A Coat of Arms was held by Sir Thomas Dog, as described by Moray S. Mackay, "Doune Historical Notes," (Stirling: Forth Naturalist and Historian, 1953), p. 48: "What has been taken to be the oldest of the [Dog] stones [Old Kilmadock Graveyard], and the one on which the Christian name Thomas was deciphered fifty or more years ago, is shaped like a quadrangular coffin lid, the foot being narrower than the head. It shows a tall cross on a plinth of two steps with leaf-like ornament at the ends of the arms and at the top. To the viewer's right of the cross there is a long sword, pointing downward, with the guards of the hilt also pointing down. To the left, there is a dagger, less than half the length of the sword, with curved guards. The inscription round the edge of the stone is much worn, and has been the subject of many guesses in the past." -----------------------------------------------------------------------------
�The Lake of Menteith - Its Island and Vicinity with Historical Accounts of the Priory of Inchmahome and the Earldom of Menteith,� By A. F. Hutchison, M.A., Stirling: Eneas Mackay, 43 Murray Place.
PRIOR JOHN AND PRIOR THOMAS It is significant of the local disturbances that must have accompanied the fall of the Albanies, that the first notices of the monastery that occur thereafter point to disputes regarding the priorate. A Prior John was in office apparently about the middle of the fifteenth century. How long he held the position is not known; but he had to face a rival claimant for the Priory. This rival makes his first appearance - so far as is known to us - in the Muniments of the University of Glasgow, where he is noted as one of the persons who were incorporated with that University in the rectorship of Master William Arthurle, anno 1469 : - " Thomas prior insule Sancti Colmoci ordinis Sancti Augustini."1 But John claimed to be the rightful holder of the dignity. In the Stirling Protocol Book there is an entry, under date 6th of November, 1472, which informs us that in a Consistorial Court held in the Cathedral Church of Dunblane, George of Abirnethe, Provost of the Collegiate Church of Dumbertane, appeared as procurator for John, Prior of the monastery of Inchmahomok, anent certain sums due by the tenants of the said monastery and William of Bdmonstoune of Duntreth, asserted procurator of Sir Thomas Dog, Prior of the said monastery. Dene Thomas had thus the powerful backing of the Steward of the Lordship of Menteith, and appears for a time to have prevailed. Whether Prior John had died - as seems likely - or had been otherwise got rid of, there is no means of knowing; but the right of Prior Thomas seems to have been unchallenged for several years. His name appears as witness in Protocol entries of date 15th December, 1476; 27th October, 1477; and 19th December, 1477. On the 14th December, 1477, " Thomas, Prior of Inchmahome," presented John Edmonston, M.A., to the vicarage of the Parish Church of Luntrethyn, and on the same day he took instruments that William Edmonston of Duntreth had promised to defend the honour of the said Prior. This looks to trouble. The fact is, there was another claimant of the priorate in the person of Sir Alexander Ruch, who ultimately prevailed in the Ecclesiastical Courts, and the usurpation of Prior Thomas came to an end immediately after the Transactions referred to. PRIOR ALEXANDER. In an Act of the Lords of Council, dated 22nd March, 1478, they gave decree "in an action and cause persewit be Dene David Ruch, as procurator for Dene Alexander Euch, Prior of Inchmaquholmok," against Matthew Forester, burgess of Stirling, for wrongously intermitting with the teinds of Row. Forester, it seems, had got a lease of these teinds from Prior Thomas, but the Lords decided that the tack was of no avail to him, " because the Priory of Inchmaquhomock was opteinit and wounyn fra the said dene Thomas dog be twa sentence definitive in the Court of Some befor that he maid the said tak to the said Mathow." He was therefore ordered to restore the teinds, or the value of them, to the Prior or his procurator. After the right to the teinds of Row had been thus vindicated, it is satisfactory to learn that an amicable arrangement was come to between the litigants. Procurator David Ruch agreed to discharge all claims against Matthew Forester, and to let him the teinds on the same terms on which he had hold them from Sir Thomas Dog. Moreover, for the good deeds done to the Convent by the said Matthew, it was resolved to pay him the sum of forty marks - twenty in money, and the other twenty in the form of a grant of teinds free of rent for one year. This Prior Alexander is evidently the same as appears in the printed Fragments of Stirling Protocols as Sir Alexander Ruth - most probably from an error on the part of the transcriber. The forms of the letters c and t in the old writing are very easy to be mistaken, the one for the other. And Ruch (now spelled Hough) is a good Scotch name; whereas Ruth is, if not unknown, at least uncommon in Scotland. The reference in this Protocol entry is also to tithes belonging to the Priory. It is dated 29th April, 1479, and the abstract sets forth that " Mr John Ruth, vicar of Garreoch, and Sir David Ruth, monk of Dunfermlyne, procurator for Sir Alexander Ruth, Prior of the Isle of St. Colmoc, of Dunblane diocese, confessed them paid by Sir James Ogilvy of Ernby, knight, of the sum of �30 Scots, for lease of the tiend sheaves of the Parish Church of Leuchris, for two terms bypast and one term to come." Here Dene David again appears as procurator for the Prior, in conjunction with John Ruch, who had attained the degree of Master. We may conclude that in all likelihood they were brothers, or perhaps nephews, of Prior Alexander. In the sederunt of the Parliament which met on the 13th April, 1481,1 in order to concert measures for putting the country in a posture of defence against the " auld enemy," appears a Prior of Inchmahome (Priore de Inclimaquholmo), along with the Earl of Menteith. Considering the closeness of the date, this was most probably Prior Alexander. But as the name is not mentioned in the record, room is left for the possibility that it may have been his successor, whose name appears to have been David.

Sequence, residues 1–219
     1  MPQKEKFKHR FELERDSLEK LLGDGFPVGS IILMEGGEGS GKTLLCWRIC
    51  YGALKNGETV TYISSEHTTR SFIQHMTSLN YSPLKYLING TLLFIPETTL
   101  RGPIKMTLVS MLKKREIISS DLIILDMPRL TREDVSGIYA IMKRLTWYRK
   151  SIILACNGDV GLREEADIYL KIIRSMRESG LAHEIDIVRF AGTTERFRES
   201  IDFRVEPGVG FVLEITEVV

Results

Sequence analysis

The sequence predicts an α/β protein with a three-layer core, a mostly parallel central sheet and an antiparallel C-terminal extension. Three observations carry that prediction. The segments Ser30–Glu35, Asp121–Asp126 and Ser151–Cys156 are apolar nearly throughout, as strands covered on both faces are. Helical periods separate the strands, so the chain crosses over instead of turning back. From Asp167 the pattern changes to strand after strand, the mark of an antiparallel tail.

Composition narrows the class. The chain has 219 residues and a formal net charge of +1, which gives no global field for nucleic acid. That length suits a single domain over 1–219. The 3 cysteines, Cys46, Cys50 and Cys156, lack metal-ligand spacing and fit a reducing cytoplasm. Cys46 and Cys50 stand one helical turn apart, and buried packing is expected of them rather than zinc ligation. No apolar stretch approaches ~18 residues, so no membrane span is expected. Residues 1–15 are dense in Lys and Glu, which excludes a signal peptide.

Papers of the Earls of Airlie, Tacks including Lands & Fishing in Banff. (National Archives of Scotland, GD16/28/1): Indenture made between David, prior of Inchmaquholmok, with consent of the chapter thereof, on the one part and Sir John of Ogilvy of Lunthrethin and Sir James Ogilvy, his son, knights, on the their part whereby said prior has set in tack to said Sir John and Sir James the parsonage of Lunthrethin with the fruits thereof for the space of 19 years and said Sir John and Sir James have set in tack to said prior the lands of Killintoy in the stewartry of Menteth, sheriffdom of Perth. Inchmaquholmok. Signatures: Dauid prior Insule sancti Colmo[lci], William of Aberden, sub-prior, sir James, sir Thomas Dog, sir Robert, sir Alexander Dog, sir Gilbert Buchquhannen, sir Patrick Mentetht, sir Andrew Rede. [Common seal of priory appended]. 3 Oct 1481.
Note:   He is probably the Thomas Doge who attended the University of Oxford in 1413-21. Listed Guss